Now that the Indians have picked up Ubaldo Jimenez's option, the next step needs to be fixing him for the 2012 season. When Jimenez came to the team in 2011 it was too late in the year to work on much of anything and he struggled through the end of the year. In 2012, Jimenez struggled again through most of the year, although he did have moments of brilliance. By utilizing his option, the Indians are showing they want to compete now, rather than rebuild again, as he is only signed through 2014 anyway.
If the Indians want to compete in 2013 and 2014, they will need Jiminez to be better than he was during the past season, when he pitched well below replacement level. For him to be better, he will first have to find out what he did wrong.
One major issue Jimenez had last year was control. When he was able to get ahead in the count, he was able to unleash his nasty curveball that gave hitters fits. This was especially evident in those games when he was almost unhittable, like on 5/6 against Texas and on 7/24 against Detroit. One of his biggest issues this year was that he was unable to get ahead in the count consistently. In 2012, Ubaldo went 1-0 to 426 batters and 0-1 to 417 batters (compared to 443 1-0 counts and 474 1-0 counts in his best year, 2010). These control issues, especially early in the season, likely lead to Jimenez throwing easy pitches to lead off at bats, just trying to throw a strike. As a result of this, during the 72 at bats that ended after the first pitch, he gave up a batting average against of .371 compared to a .261 BAA in similar situations in 2010. Interestingly enough, this appears to have continued even if he did throw a good first pitch, as he allowed an average of .424 after a 0-1 count (.215 BAA in 2010). One last note on count situations, once Jimenez gave up the first ball, he often had hard time getting back into the at bat, walking 75 batters after starting off 1-0 and 33 (out of 52 total chances) after getting down 3-0.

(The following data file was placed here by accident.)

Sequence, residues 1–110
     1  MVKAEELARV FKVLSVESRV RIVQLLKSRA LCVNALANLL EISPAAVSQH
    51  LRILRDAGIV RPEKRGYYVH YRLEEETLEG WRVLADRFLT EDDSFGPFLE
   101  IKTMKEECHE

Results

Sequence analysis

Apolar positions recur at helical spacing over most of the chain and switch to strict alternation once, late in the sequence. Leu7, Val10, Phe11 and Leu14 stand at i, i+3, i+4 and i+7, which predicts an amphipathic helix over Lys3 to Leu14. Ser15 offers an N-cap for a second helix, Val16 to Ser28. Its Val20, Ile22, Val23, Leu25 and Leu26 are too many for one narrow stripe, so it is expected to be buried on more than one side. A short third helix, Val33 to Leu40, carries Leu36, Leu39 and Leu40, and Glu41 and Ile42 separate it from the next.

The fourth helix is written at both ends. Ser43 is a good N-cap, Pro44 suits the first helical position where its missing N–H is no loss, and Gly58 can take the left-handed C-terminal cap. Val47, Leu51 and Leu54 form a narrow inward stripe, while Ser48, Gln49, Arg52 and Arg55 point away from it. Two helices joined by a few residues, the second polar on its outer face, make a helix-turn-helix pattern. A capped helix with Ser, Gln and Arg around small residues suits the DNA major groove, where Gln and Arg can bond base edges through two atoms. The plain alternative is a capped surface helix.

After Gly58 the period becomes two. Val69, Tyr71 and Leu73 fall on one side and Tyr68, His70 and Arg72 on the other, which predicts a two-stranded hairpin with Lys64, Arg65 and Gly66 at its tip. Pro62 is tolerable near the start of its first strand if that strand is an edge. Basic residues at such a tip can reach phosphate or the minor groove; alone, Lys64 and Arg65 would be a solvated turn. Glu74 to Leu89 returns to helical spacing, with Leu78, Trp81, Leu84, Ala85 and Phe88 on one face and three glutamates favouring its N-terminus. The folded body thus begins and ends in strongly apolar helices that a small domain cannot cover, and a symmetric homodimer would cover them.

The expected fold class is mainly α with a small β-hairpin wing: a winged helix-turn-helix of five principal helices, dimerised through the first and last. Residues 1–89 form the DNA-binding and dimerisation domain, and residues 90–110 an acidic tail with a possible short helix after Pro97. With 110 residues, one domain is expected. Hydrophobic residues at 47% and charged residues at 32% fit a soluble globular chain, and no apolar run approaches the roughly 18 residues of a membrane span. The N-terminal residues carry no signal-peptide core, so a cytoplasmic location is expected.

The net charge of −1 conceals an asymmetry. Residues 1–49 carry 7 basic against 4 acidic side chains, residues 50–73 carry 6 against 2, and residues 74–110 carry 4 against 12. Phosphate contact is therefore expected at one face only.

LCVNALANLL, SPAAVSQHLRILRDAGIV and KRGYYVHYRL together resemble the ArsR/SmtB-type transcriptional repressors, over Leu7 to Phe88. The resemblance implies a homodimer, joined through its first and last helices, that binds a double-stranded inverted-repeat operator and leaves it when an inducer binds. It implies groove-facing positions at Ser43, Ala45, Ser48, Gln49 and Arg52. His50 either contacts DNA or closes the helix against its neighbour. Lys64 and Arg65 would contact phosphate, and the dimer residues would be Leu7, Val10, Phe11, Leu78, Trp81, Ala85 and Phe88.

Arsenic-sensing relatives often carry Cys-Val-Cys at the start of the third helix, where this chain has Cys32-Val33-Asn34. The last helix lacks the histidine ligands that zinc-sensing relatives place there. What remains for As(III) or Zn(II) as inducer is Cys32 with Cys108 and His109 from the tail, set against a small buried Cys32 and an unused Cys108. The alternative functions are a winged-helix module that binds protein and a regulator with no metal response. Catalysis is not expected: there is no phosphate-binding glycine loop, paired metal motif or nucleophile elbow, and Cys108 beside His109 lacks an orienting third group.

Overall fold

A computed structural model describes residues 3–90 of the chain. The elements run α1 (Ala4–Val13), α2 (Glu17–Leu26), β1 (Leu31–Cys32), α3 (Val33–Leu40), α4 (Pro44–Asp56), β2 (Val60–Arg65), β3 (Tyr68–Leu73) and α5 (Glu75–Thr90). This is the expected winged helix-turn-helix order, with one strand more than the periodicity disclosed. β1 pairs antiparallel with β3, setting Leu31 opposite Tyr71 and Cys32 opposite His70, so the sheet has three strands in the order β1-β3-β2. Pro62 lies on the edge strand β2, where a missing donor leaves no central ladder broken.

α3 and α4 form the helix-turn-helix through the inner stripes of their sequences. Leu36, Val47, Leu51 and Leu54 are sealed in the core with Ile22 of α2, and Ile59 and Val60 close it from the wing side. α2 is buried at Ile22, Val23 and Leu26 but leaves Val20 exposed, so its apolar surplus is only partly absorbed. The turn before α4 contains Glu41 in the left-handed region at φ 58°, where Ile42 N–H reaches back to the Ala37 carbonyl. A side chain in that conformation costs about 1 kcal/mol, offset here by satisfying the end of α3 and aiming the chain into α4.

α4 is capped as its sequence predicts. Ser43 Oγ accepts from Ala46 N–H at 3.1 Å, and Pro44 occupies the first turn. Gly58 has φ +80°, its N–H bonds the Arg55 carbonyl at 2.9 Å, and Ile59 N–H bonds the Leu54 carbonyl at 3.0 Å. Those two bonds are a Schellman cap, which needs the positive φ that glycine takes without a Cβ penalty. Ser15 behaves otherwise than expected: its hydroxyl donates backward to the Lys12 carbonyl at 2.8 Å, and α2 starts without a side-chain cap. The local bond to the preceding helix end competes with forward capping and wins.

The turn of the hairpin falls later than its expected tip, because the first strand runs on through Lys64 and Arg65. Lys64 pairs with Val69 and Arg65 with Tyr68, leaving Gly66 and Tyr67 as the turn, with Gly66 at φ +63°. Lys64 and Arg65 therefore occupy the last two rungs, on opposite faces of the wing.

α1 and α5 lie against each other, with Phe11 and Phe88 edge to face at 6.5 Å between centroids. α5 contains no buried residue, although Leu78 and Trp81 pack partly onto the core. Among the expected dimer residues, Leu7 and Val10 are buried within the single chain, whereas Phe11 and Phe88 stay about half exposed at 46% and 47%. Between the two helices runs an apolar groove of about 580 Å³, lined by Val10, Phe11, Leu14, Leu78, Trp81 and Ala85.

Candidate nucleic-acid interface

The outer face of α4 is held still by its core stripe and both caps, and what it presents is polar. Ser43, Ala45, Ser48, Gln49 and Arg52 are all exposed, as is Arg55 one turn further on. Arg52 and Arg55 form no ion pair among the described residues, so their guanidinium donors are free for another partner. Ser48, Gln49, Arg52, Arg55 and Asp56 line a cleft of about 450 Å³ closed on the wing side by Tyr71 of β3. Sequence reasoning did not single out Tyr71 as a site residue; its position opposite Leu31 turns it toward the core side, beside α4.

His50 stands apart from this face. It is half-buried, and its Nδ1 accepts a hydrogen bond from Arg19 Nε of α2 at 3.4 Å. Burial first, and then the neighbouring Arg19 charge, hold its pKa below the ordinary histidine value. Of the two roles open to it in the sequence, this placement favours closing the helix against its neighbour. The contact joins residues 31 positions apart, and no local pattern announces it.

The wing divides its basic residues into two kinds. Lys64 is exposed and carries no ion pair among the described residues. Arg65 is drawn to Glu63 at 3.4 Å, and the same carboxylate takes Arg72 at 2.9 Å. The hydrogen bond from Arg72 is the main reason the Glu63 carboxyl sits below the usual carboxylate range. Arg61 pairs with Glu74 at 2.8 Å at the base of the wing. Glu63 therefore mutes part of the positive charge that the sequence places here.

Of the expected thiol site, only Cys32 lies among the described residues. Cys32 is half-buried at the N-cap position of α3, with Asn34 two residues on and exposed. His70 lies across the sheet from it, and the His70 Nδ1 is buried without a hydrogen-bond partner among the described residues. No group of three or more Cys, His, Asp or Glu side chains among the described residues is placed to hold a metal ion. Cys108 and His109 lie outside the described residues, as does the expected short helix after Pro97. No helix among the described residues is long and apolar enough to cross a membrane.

Jimenez's struggles have often been blamed on his mental outlook. It has been stated all over the web that he felt dismissed when Troy Tulowitzki and Carlos Gonzalez each signed long-term contracts with the Rockies. Ubaldo felt he was part of the future of the franchise and was slighted by his much smaller contract offer. More likely, the Rockies saw a flash in the pan who far outperformed his expected ability in 2010 and was poised for a fall. The trade further pushed Ubaldo down his current train of thought and instead of striving to prove his old team wrong, he proved them right.
If his problem is mental, maybe he will be able to use his current contract situation to help work it out. At 28, Jimenez has one more shot at a big contract, but if he blows 2013, he won't even get the $8M option he already has offered for 2014. If he pitches like he has in the past next season, he could move back into the elite starter level, make $8M in 2014 and have the potential for much more once he leaves the Indians. If he doesn't pitch well next season, no team will trust him with a long term contract, even if he wins the Cy Young in 2014. If this isn't enough motivation to push Jimenez to his highest potential, then the problem isn't motivation.
If the problem isn't mental at all, but physical, this will be the job of new pitching coach, Mickey Callaway. His main goal should be to focus on Ubaldo's concentration, making sure he works for every pitch, throwing good pitches to start each batter off rather than get-me-over fast balls. If Ubaldo can get this together, he may never be able to be the pitcher he was during the first half of 2010 again, but he still could be a great starter for the Cleveland Indians for the next two seasons making the entire rotation stronger at the same time.
With a strong Ubaldo at the front of the rotation, the Indians would have Justin Masterson, and Jimenez as two strong starters, followed by the mid level Carlos Carrasco and Zach McAllister and whoever else the Indians choose to fill out the rotation. If Ubaldo struggles, the Indians will have no hesitation replacing him in the rotation as his 2014 option is not the deal the 2013 one was. He will be on a much shorter leash in 2013 with Corey Kluber, Eric Berger and others waiting in AAA, who would have been better than the 2012 Ubaldo Jimenez. Since the Indians already need a fifth starter with Ubaldo in the rotation, removing him would push the Indians pitching depth to a point that should be uncomfortable for management. Because of this, fixing Ubaldo needs to be the Indians number one in house priority this offseason.